We also visited Kyiv Post, the leading English speaking newspaper in Ukraine. Owned by a wealthy British citizen, Mohammed Zahoor, Kyiv Post targets the foreign and expatriate market in the city. Crucially, in Ukraine, it’s an independent publication.
We met Kyiv Post’s editor in chief Brian Bonner, an American, who decided to come to Ukraine, because in his own words “it’s an interesting place”. 
He’s a small man but his personality was larger than life. His suit and tie looked scruffy, his hair was uncombed and his glasses seemed like they were about to fall apart. Yet, his charisma was nigh presidential – perhaps owed a lot to the Texan drawl in his accent, “How are ya’ll this mornin’? You guys likin’ Kiev?”
Kyiv Post has had their controversies. In April 15, 2011, Bonner decided to publish an interview with a government official, despite the owner’s request to drop the article. Bonner was fired, which sparked a strike. Five days later, Bonner got his job back, and the strike ended. He laughed, “Thankfully the whole thing blew over pretty quickly”. 
What the strike would highlight was the status quo of independent journalism and freedom of expression in Ukraine. “Journalists have had their lives threatened here – it’s definitely not a profession for the faint of hearted”, he reflected.
“You know, parliament tried to push a bill on criminalising defamation not so long ago”. This means that if you spread deliberately untrustworthy information which undermined a person, institution or business, a potential prison sentence of up to five years could be served, by anyone - not only media personnel. “Yep, it’s a little crazy… thankfully, the bill didn’t go through” said Bonner, in mid chuckle. “We’d be going back to the dark ages”.
Indeed, these are reflections of times under the Iron Curtain, and Russia-Ukraine relations are notoriously complicated – a hot topic for the locals. 
Recently, Russia reacted aggressively when Ukraine looked to join NATO in 2008, a proposal that was shelved in 2010 by current President Yanukovych. Russia’s influence is obviously strongly felt with Ukraine on her borders.
But the controversies go far deeper. Accusations of genocide against Ukraine are still contested by both Russian and Ukrainian governments. The “Holodomor” incident, which happened between 1932 and 1933 is largely considered by many to be a man-made famine, created by the USSR – 2.5 to 3.5 million Ukrainian’s lost their lives. The cause of the famine is still debated, with some saying it was due to a lack of resources in the USSR’s transition to industrialisation. Others say it was a deliberate attack on Ukrainian nationalism.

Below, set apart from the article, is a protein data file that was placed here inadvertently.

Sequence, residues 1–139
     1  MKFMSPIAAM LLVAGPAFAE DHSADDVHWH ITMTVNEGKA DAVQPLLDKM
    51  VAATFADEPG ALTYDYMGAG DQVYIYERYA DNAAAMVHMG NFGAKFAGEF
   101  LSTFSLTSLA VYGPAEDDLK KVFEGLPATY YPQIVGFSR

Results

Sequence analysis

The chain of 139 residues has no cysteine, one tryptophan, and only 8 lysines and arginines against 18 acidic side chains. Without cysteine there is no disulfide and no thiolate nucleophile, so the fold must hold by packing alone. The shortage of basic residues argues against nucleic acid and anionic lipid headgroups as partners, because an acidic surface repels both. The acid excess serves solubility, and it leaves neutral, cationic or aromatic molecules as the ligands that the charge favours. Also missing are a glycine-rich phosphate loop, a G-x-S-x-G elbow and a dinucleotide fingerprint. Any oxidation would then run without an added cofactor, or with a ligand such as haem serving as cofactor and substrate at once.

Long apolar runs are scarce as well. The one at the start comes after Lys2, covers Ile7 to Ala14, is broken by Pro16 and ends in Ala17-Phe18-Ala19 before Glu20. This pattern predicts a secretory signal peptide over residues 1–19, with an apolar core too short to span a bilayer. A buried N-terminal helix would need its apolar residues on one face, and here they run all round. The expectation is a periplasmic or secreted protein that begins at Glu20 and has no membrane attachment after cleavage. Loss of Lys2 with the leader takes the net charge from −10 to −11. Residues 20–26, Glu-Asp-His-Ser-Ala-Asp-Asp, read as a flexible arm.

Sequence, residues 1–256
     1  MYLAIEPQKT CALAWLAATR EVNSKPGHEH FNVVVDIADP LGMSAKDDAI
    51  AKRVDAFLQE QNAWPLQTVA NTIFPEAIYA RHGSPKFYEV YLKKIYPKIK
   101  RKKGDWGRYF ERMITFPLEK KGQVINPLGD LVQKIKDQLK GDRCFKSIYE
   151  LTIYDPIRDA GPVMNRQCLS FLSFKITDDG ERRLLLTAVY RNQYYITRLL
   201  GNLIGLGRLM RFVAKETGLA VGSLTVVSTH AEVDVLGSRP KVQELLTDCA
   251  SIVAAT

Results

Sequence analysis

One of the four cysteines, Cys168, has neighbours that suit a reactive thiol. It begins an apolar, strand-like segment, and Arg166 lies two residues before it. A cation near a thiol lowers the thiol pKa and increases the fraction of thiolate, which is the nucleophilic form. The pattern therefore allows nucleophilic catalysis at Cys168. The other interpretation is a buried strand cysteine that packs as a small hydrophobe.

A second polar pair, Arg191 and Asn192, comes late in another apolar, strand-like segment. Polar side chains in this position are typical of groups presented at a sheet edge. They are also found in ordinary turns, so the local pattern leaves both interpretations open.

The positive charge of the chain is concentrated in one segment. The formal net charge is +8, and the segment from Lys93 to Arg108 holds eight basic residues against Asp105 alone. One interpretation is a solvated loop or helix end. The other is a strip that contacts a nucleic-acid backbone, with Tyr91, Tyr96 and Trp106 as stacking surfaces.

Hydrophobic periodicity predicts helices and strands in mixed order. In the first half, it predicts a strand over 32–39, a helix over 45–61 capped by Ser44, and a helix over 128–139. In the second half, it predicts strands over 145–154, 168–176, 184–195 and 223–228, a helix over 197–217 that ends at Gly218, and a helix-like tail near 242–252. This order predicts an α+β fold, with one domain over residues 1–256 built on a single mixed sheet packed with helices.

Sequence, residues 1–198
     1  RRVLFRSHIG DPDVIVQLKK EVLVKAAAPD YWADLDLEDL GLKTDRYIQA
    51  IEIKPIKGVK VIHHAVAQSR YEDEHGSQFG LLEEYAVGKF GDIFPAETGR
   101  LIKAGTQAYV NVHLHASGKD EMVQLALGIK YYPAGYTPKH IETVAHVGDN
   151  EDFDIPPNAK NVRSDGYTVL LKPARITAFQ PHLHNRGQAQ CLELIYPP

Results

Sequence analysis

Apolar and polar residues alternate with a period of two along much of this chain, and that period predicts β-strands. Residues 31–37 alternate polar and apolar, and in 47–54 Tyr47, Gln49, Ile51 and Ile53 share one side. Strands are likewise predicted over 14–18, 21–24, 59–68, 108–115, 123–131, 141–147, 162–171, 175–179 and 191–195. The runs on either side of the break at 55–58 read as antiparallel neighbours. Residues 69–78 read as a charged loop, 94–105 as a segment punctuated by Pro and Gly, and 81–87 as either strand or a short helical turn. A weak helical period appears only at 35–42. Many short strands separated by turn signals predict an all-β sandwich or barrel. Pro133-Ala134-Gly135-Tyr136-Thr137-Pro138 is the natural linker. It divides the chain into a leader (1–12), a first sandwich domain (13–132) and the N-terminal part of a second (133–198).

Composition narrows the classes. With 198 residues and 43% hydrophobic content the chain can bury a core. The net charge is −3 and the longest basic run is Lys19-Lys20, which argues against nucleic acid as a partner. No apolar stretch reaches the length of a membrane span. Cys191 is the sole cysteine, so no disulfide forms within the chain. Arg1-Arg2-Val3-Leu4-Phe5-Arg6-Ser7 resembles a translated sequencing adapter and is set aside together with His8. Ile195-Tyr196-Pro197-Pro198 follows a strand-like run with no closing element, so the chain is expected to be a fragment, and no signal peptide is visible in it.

However, looking ahead to the future, Bonner was upbeat. “I moved here in the late eighties, and the transition has been rapid, and of course, it's still happening. Things are much, much better than where they used to be.”
As we ventured around the capital, it became easy to understand Bonner’s positivity. The signs of modernisation are clear. Kiev’s airports and public transport system can rival facilities made in the West – no doubt due to recently hosting UEFA’s 2012 European Championship.
Then there’s Kiev’s architecture, which at times is breathtaking. It’s often a mash between eastern, Soviet architecture and glass furbished western sky scrappers. In the face of transition, it was clear that Kiev had terrific character and identity. Yes, change may be on-going, but Kiev would always remain herself.
But, where does that leave expression? The answer is unclear. The optimist might think that with the progress already made by the country, expression will find its way too. The pessimist might think the damage has already been done.
Before saying his goodbyes, Bonner reflected, “In twenty years, I guarantee, there’ll be even more developments… politically, industrially, economically. Who knows how far the country will have come by then? It’s already came a long, long way”.

Posted by Posted by Andy at 9:48 pm